The Idiot Fox

Clay CunninghamCorrespondent IOctober 13, 2008

It’s officially been a day since the Bears got me through the roof with elation only to toss me off the side of the building in a mere 11 seconds with one of the most stunning losses I have ever witnessed. While Chicago and Atlanta fans could likely argue all day about who was actually deserving of winning yesterday, I think there is one fact all of use who watched it can agree on.

Fox’s coverage of the game was an absolute joke.

First there was the issue of how the game was shot. I can’t even begin to calculate the number of times both Kyle Orton and Matt Ryan dropped back to pass only to completely disappear from the view of the camera. Then on the Bears failed 4th and goal attempt, I didn’t even know Matt Forte was on the field until he was being stuffed mid-air. How nice of the great people at Fox to basically leave us guessing to how these plays were going to develop. You could have put one guy on the sidelines with a handheld camera and told him to run up and down the field where the ball went and he could have shot a more concise game.

Then there was the issue with some of their “experimental” angles. How in the hell is it beneficial to any viewer to show an extreme close-up of one player during the coarse of a play ( IE, Alex Brow’s recovery and return of Michael Turner’s eventually overturned fumble in the first quarter). I don't want to see a slant route from Marty Booker's perspective, I want to see the damn play! This once again just leaves the viewer to guess what’s happening as opposed to giving up the overhead vies and, you know, letting us follow the game.

As hard as the camera work was to endure, much of it was at least only temporary. There was no relief from the commentary.

Last week was my first exposure to Brian Billick in the booth and I thought he sucked. However, he was teamed with Brian Baldinger, who ranks second only to Skip Bayless in the hierarchy of sports media morons, so I thought maybe this could have skewed my view of him and that perhaps he deserved another chance. One game sans Baldinger and it’s confirmed; Brian Billick is a dipshit.

It wasn’t just his inane chatter (saying the Bears shouldn’t even think about punting on their two-minute drill in the fourth quarter) that bothered me, it was his inexcusable idiocy. There was more than one occurrence in the first half where he confused Kyle Orton for Kyle Boller. An honest enough mistake until you consider this fact; BILLICK WAS KYLE BOLLER’S COACH FOR FIVE YEARS!

Further adding to my gripe with Fox is that I saw none of these glaring problems during the Dallas/Arizona game in the late afternoon. No shots from inside Tony Romo’s helmet while he attempted a pass, no instances of Kurt Warner dropping out of site during a drop back, nothing abnormal at all. They even got a great zoom in angle to clearly show that Larry Fitzgerald’s right foot was out of bounds by mere inches on a fade route in the end zone. Meanwhile when there is a challenged fumble in a Bears game all Fox seems to be able to scrap together is three different angles of the ball carriers back.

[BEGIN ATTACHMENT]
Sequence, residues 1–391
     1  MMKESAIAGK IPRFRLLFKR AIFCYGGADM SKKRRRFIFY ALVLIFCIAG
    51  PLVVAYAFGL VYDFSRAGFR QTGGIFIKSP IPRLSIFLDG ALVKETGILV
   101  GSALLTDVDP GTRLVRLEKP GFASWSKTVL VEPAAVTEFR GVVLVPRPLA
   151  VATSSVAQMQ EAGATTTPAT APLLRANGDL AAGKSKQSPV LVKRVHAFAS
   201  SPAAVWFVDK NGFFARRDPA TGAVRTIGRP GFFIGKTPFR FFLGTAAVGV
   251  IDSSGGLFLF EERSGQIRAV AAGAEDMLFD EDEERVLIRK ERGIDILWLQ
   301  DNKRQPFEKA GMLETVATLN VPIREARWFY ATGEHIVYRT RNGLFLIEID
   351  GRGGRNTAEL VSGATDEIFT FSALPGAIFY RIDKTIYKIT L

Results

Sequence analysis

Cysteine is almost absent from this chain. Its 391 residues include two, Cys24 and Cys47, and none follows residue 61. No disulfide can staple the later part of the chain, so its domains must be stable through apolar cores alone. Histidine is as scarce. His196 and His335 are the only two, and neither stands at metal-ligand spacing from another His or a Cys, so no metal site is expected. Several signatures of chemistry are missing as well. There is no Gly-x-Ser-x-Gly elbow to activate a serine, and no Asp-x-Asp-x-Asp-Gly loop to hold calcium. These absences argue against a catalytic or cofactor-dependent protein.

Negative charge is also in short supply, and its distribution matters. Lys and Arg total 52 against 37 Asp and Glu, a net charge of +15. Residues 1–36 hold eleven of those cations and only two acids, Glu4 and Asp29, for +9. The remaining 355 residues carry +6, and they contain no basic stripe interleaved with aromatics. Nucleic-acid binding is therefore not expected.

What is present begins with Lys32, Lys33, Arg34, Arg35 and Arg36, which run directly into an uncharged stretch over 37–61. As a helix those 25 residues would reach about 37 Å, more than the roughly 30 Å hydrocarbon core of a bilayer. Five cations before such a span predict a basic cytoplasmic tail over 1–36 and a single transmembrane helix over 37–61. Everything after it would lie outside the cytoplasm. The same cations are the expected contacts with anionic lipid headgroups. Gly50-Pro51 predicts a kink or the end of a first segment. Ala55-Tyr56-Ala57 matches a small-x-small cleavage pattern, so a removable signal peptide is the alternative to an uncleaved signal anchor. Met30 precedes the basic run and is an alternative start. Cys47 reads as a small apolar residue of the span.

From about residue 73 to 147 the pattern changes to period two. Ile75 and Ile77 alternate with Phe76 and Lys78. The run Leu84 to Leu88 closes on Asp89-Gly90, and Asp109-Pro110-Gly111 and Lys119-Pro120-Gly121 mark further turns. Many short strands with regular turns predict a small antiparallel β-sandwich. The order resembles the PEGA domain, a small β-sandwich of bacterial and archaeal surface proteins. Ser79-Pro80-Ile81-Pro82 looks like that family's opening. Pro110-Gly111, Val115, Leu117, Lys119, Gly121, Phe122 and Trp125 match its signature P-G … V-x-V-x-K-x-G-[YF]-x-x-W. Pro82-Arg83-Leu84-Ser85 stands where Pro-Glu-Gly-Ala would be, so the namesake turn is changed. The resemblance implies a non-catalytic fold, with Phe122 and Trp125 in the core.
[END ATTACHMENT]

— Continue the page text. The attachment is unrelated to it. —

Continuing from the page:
I have never had a huge problem with the glaring bias shown to particular teams by the NFL media. But with the NFC East looking dominate in the early going this season, it has become the toast of the press to an even greater degree than in the past and it seems to me this bias is carrying over into game coverage. This simply isn’t fair to fans of NFC teams outside this division.

Even more frustrating is that the East is hardly the only competitive division in the conference. The South and the North both have three-way ties atop the division ranks and as of now it would seem the runners-up in the South have a real chance to steal the two wild card slots that have seemingly already been reserved to the teams that finish second and third in the East.

I have no problem if my team isn’t considered a power house by talking heads like the Chris Berman’s and Terry Bradshaw’s of the world. I’m sure these sentiments are echoed by all fans who cheer for teams other than the Dallas’s and New York’s of the world. We’ve lived without their recognition for so long that we’re used to it. But just because the masses aren’t talking about our teams doesn’t mean we don’t deserve to see their games run by competent cameramen and announcers who don’t speak as if they’ve just learned about the game of football via a Wikipedia article they read an hour before kickoff.

The NFC as a whole is more competitive than it has in years and to separate it into a chase between one division is just wrong. I know, or at least hope, that I speak for all Bear and Falcon fans when I say we deserved better than the clown college production we got of a great (albeit heartbreaking for myself) game yesterday. Just because Fox didn’t see it as an important game didn’t mean the fans didn’t.